[OUTLOOK]Blind to the North Korea crisisOur country’s response to North Korea’s declaration that it has nuclear weapons is strange, indeed. Our government officials merely say that we should wait and see if the North does truly have nuclear weapons and that the North has made such remarks many times before.
I don’t know why our country works so hard to play down the matter when all we need to do is just take North Korea’s words at face value and prepare accordingly.
But instead, the South Korean government went a step further to say that regardless of the North’s declaration, inter-Korean economic cooperation will go on and that the construction of the Gaesong industrial complex in the North will continue as planned. They are busy telling the North, “Whatever you do, we will keep helping you.”
But what about our people? According to an opinion poll, nearly 60 percent said that despite the nuclear declaration, they did not feel any threat to their security.
On the other hand, the United States and Japan are agitated. The director of the U.S. Central Intelligence Agency testified that North Korea has developed missiles that can reach the continental United States, so the North’s declaration that it has nuclear weapons constitutes a direct threat. Japan, which has experienced the horror of atomic bombings in Hiroshima and Nagasaki, is in constant fear.
In contrast, we are busy underestimating the declaration, saying that the North’s nuclear weapons are ineffective because they are in a primitive stage and too big for strategic purposes and that they are nothing much because the North’s bombers are too slow. Just think, who would be the most vulnerable to a nuclear attack by North Korea? Would it be Japan across the sea, or the United States across the Pacific Ocean? Naturally, it would be South Korea.
Isn’t it a strange country that South Korea should be least worried of all the nations? Would the North give the South some consideration because we are part of the same nation?
The Wall Street Journal said in a recent editorial that there were some people in the South Korean government who see the United States as more of a threat to its security than the North. Is this the reason our country is so permissive with the North?
Our senses have become numb. As an entomologist said in these pages, even ants discharge some alarm pheromone to alert their family members to a crisis. But our antennae may have already atrophied, thanks to politicians who maintained their power by selling out our security.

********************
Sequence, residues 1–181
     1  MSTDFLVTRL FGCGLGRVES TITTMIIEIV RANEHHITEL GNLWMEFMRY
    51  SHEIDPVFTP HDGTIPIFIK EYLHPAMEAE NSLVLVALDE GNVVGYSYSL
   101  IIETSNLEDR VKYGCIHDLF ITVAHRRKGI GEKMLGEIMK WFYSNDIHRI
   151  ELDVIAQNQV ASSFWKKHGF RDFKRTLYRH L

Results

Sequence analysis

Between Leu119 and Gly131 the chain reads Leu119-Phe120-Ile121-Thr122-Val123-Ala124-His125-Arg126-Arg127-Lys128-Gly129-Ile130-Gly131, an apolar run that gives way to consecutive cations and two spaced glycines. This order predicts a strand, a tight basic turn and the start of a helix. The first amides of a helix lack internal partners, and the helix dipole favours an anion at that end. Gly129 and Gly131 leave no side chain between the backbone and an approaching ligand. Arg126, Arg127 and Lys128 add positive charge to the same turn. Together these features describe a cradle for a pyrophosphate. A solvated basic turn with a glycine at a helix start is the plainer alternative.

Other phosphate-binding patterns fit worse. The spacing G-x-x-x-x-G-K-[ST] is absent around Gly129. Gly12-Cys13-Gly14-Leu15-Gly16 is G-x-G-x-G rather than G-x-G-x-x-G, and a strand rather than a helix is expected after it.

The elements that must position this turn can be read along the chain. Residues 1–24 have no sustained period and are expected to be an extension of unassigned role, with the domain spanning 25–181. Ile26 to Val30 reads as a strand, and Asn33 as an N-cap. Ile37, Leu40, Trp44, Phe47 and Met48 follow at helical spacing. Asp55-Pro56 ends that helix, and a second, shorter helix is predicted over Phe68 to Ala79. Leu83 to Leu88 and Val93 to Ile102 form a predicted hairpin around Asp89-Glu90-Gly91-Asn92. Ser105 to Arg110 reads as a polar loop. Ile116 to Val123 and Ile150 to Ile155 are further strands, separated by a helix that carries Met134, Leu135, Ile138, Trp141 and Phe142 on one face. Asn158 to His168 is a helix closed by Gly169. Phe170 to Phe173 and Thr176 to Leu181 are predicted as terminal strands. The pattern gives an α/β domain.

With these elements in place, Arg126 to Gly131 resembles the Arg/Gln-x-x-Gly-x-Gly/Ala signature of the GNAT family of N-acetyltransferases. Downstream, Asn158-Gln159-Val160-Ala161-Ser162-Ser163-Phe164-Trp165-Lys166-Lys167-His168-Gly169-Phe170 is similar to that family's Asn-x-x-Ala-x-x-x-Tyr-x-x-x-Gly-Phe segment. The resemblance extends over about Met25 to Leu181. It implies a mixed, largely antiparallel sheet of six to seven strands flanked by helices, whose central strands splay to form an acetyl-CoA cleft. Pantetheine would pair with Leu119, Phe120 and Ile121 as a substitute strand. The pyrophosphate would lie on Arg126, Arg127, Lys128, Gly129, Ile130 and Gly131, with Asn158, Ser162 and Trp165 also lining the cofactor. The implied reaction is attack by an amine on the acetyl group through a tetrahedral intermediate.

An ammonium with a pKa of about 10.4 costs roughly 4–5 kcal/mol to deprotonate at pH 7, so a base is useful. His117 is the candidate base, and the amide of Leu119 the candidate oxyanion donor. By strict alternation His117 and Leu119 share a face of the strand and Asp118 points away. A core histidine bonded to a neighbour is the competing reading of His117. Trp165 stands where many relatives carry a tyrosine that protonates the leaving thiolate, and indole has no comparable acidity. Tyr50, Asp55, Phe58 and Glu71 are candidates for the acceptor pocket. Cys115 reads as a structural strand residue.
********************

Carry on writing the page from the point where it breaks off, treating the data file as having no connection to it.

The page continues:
Past administrations overstated the threat from the North so that people no longer believed them, just as the villagers stopped believing the boy who cried, “Wolf!”
So why are we still insensitive to the current security threat? It’s part of a trend of ignoring security. Because previous administrations maintained their power on the pretext of security, today’s power elites thought that they should break that security structure to seize power. Perhaps it’s this mentality that keeps President Roh from attending the commencement ceremony of the Korea Military Academy.
The Kim Dae-jung and Roh Moo-hyun administrations’ North Korean policies and views on national security are linked to the popular trend that enabled them to seize power. Therefore, both people who sold out South Korea’s security to consolidate their positions and people who sacrifice security to create a new power should be equally blamed. National security is a matter that goes beyond power.
With North Korea’s possession of nuclear weapons, a new world, where the concept of security is completely different from the past, will appear. We have set the standards of security by comparing our aircraft, tanks and warships to those of the North. In other words, we have tried to prevent a war through the balance of power.
But our rival’s nuclear weapons mean that balance of conventional power has been abolished. However big it might be, a bull will die from the bite of a small viper. Even if we buy all kinds of conventional weapons with our economic power, which is 30 times greater than the North’s, we will be ruined by one nuclear attack.
This is why North Korea developed nuclear weapons. Nuclear arms can only be balanced by more nuclear arms. This is the balance of fear. Because both parties know that once a nuclear war gets started, both parties will be destroyed, in this way wars are prevented.
Our primary goal is to remove the North’s nuclear weapons. If we acknowledge the North’s nuclear power, we will have to be at the mercy of the North for good.
We need to be bold. Let’s not be scared about what we should do when a war breaks out ― we’ve got a long way to go before that happens, and there are dozens of steps that must be taken before a war.
We have only to force North Korea to let go of its nuclear weapons. The “sunshine policy” led us to see North Korea as a rational party, but the North did not accept our rationality.
The sunshine policy lost its light. We should admit this. Before the North Korean nuclear problem is resolved, we shouldn’t even mention economic cooperation. We should pursue a North Korean policy that is based completely on reciprocity from now on.
We can also use the balance of fear as a last resort. Now because of North Korea, the denuclearization goal for the Korean Peninsula is meaningless. We might as well try to buy the United States’ tactical nuclear weapons or seek to even out the balance of power in our own way.
China has the most to lose if the nuclear arms race takes over the Korean Peninsula. Therefore, we have a card to play with China. We can press China to get the North to give up its nuclear weapons.
National security is not a partisan matter. Is South Korea becoming a country where we can’t identify a crisis even when it’s right in front of us?
* The writer is the chief editor of the editorial page of the JoongAng Ilbo.
by Moon Chang-keuk
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